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Vintage Vectra.

THE gleaming blue metallic paintwork looked an absolute treat, polished lovingly to perfection.

The smart light grey trim upholstery was equally resplendent and inviting ... just the ticket to cruise around in for a couple of days.

Like a good bottle of wine, the Vectra has got decidedly better down the years.

The car has evolved from its predecessor, the Cavalier, to maintain strong sales across Britain and Europe.

The Vectra has retained its healthy following, particularly in sales rep land, where it remains a favourite.

Its traits have become somewhat legendary.

It's well known for being reliable, well- built, spacious and with a sizeable boot as well.

Those magic ingredients have ensured that Vauxhall gets a healthy share of the corporate pie in terms of fleet business.

But the appeal of the car, whether in saloon or hatchback, was not just restricted to the motorway brigade battling to win orders.

The Vectra has also been a popular choice with private buyers, largely due to its high residual value.

Few experienced that well- known scene where an embarrassed car salesman mutters into his hankerchief as he tries to tell you how little your car is now worth.

But with competition increasing, Vauxhall decided to revamp the Vectra to retain its stake in a lucrative sector.

The product resulted in howls of criticism from the motoring press, who complained there was nothing strikingly different about the car's looks.

In their defence, Vauxhall pointed to the fact that their changes to the Vectra had taken place under the skin.

A new chassis, suspension and steering system were deployed to increase driving enjoyment.

Now was my opportunity to put their claims to the test as I put the new Vectra through its paces.

It only takes a couple of miles to realise that the Vectra's road handling has greatly improved. The ride is much tauter and not as wishy-washy as it had been before.

The bigger wheels give the car a more balanced approach and minimise body roll even when approaching a sharp bend at speed. There are no alarming wiggles as you shoot around the corner.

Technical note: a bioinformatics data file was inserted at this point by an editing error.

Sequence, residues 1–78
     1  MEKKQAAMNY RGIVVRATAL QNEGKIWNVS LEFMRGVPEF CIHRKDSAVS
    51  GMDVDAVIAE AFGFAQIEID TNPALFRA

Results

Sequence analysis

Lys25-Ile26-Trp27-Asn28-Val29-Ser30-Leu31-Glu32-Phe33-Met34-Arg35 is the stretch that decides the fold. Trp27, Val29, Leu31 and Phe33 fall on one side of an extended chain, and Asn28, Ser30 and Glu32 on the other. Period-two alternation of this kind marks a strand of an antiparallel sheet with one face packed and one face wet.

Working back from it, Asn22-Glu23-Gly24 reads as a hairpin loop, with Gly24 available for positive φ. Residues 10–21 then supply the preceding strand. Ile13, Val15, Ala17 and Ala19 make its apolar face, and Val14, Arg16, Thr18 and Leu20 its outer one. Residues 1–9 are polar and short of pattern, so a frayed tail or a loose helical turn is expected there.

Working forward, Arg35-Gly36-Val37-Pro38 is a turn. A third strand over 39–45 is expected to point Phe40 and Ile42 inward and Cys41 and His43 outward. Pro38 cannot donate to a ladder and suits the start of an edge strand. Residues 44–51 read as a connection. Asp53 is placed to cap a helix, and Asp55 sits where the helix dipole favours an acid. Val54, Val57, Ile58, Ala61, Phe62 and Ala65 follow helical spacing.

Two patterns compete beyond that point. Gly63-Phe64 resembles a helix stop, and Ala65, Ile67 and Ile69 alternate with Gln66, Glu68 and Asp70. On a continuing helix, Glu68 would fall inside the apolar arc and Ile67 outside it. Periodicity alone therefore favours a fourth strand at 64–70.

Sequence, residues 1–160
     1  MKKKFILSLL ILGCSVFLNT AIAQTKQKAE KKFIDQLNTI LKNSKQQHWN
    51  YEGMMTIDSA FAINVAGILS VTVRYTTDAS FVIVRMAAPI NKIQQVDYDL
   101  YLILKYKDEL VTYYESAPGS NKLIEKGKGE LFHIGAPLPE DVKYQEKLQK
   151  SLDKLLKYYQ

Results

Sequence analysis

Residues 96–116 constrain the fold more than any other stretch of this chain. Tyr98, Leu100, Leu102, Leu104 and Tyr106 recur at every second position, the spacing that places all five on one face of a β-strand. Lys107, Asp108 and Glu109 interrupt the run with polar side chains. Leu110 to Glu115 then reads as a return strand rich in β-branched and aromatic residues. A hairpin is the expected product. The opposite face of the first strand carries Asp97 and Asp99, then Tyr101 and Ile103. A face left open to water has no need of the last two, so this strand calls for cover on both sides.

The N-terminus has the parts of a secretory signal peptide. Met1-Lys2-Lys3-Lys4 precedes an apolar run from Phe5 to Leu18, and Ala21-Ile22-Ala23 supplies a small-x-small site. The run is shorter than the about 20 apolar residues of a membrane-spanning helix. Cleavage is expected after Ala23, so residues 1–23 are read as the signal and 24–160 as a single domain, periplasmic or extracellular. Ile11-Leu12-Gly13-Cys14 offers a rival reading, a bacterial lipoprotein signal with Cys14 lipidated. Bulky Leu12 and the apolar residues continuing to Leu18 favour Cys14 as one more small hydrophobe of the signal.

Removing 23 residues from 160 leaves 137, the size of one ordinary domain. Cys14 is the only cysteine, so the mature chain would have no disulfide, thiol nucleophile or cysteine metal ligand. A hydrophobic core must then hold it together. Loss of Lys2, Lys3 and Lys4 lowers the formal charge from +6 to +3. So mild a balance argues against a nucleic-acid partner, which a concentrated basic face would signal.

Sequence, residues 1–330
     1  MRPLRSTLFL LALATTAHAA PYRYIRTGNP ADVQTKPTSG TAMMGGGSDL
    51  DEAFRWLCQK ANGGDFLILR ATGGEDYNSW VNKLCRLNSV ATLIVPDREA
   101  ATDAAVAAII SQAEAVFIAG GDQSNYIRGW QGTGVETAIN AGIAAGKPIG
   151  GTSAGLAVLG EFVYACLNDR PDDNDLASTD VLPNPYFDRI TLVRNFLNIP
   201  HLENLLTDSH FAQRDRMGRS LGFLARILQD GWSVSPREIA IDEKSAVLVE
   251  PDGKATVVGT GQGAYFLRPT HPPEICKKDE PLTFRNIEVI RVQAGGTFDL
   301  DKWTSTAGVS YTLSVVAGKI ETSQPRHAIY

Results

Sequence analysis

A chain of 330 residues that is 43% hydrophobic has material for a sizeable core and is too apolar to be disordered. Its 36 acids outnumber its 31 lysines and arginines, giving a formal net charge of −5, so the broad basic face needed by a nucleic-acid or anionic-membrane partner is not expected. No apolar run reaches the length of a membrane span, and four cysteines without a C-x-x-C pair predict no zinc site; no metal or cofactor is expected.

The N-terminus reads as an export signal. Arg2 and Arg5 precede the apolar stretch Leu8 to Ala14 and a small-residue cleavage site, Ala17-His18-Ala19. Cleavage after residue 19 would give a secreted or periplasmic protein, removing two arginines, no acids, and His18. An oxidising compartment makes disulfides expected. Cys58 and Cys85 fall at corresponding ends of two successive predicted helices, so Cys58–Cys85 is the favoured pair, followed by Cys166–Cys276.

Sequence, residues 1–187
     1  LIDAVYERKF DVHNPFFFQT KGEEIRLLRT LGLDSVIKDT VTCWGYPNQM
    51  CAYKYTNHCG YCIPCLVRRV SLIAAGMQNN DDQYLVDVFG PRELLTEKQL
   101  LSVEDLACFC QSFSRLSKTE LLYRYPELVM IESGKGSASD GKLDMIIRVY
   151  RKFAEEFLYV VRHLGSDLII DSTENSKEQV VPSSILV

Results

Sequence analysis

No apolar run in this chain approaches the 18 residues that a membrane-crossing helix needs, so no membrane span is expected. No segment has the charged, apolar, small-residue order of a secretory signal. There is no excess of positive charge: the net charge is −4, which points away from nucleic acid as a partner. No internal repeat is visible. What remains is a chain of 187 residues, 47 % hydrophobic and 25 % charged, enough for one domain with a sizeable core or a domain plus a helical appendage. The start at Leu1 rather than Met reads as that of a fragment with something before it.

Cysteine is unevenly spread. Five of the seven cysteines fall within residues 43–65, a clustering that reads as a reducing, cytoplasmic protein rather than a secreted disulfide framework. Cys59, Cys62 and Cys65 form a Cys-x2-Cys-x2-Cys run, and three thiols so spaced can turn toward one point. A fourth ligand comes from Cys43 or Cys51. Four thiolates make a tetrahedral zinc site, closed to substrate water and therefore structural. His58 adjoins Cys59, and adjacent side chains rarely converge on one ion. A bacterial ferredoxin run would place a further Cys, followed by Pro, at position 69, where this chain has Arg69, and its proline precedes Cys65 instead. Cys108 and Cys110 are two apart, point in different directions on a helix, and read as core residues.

The power steering tended to be on the light side at times, although I didn't encounter any anxious moments while I was testing the car.

AT the heart of the car was an energetic two-litre direct injection turbo diesel engine.

Let loose on a motorway and there was no difference between its pace and that of a conventional petrol unit.

The acceleration was decent, thanks to the slick close-ratio five-speed gearbox.

Even when pressed into action at 70mph there was still sufficient instant power available.

Pushed to the limit, the Vectra is capable of 121mph. From a standing start it pounded its way to 60mph in 12 seconds.

However, the diesel engine isn't the quietest of the new breed now around.

From start-up to motorway speeds, engine noise was obvious even with the radio up high

But you would put up with this if I told you that the car is capable of 46 miles to a gallon on a combined journey.

On jaunts between Glasgow and Edinburgh, the fuel consumption was excellent.

At pounds 21,800, the top-of-the-range CDX is too expensive, even though it has more toys than an Argos catalogue, including electronic traffic reports, climate control, and heated seats.

So it remains to be seen whether buyers will spend so much without getting a more exclusive marque.
COPYRIGHT 1999 Scottish Daily Record & Sunday
No portion of this article can be reproduced without the express written permission from the copyright holder.
Copyright 1999 Gale, Cengage Learning. All rights reserved.

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Title Annotation:Features
Author:Caven, Bill
Publication:Daily Record (Glasgow, Scotland)
Date:Jun 18, 1999
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